Wong Kar Wai
Wong Kar Wai’s scintillating debut feature is a kinetic, hyper-cool crime thriller graced with flashes of the impressionistic, daydream visual style for which he would become renowned. Set amidst Hong Kong’s ruthless, neon-lit gangland underworld, this operatic saga of ambition, honor, and revenge stars Andy Lau as a small-time mob enforcer who finds himself torn between a burgeoning romance with his ailing cousin (Maggie Cheung, in the first of her iconic collaborations with the director) and his loyalty to his loose cannon partner in crime (Jacky Cheung) whose reckless attempts to make a name for himself unleash a spiral of violence. Marrying the pulp pleasures of the gritty Hong Kong action drama with hints of the head-rush romanticism Wong would push to intoxicating heights throughout the 1990s, As Tears Go By was a box office smash that heralded the arrival of one of contemporary cinema’s most electrifying talents.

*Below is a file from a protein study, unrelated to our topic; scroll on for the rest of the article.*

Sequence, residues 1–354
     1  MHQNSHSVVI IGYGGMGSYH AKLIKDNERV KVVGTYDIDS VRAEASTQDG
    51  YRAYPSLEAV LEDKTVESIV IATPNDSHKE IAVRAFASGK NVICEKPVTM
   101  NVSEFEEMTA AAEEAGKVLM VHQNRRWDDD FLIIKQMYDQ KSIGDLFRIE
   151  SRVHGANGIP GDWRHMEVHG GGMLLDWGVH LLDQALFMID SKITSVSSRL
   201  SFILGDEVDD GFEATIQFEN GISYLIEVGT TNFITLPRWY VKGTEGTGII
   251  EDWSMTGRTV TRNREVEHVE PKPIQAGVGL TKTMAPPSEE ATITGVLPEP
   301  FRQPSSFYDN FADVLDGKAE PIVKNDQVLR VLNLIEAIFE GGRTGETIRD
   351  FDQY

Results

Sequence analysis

A 12-film retrospective of the director’s work featuring 4K restorations, rarely-screened shorts and documentaries.
A celebration of revolutionary filmmaking.
The themes, images, and cultural vernacular of Victor Fleming’s The Wizard of Oz continue to haunt David Lynch’s art and filmography—from his very first short, The Alphabet, to his latest series, Twin Peaks: The Return. Arguably, no filmmaker has so consistently drawn inspiration—consciously or unconsciously—from a single work.
Alexandre O. Philippe
After the French New Wave, the sexual revolution, and May ’68 came The Mother and the Whore, the legendary, autobiographical magnum opus by Jean Eustache that captured a disillusioned generation navigating the post-idealism 1970s within the microcosm of a ménage à trois.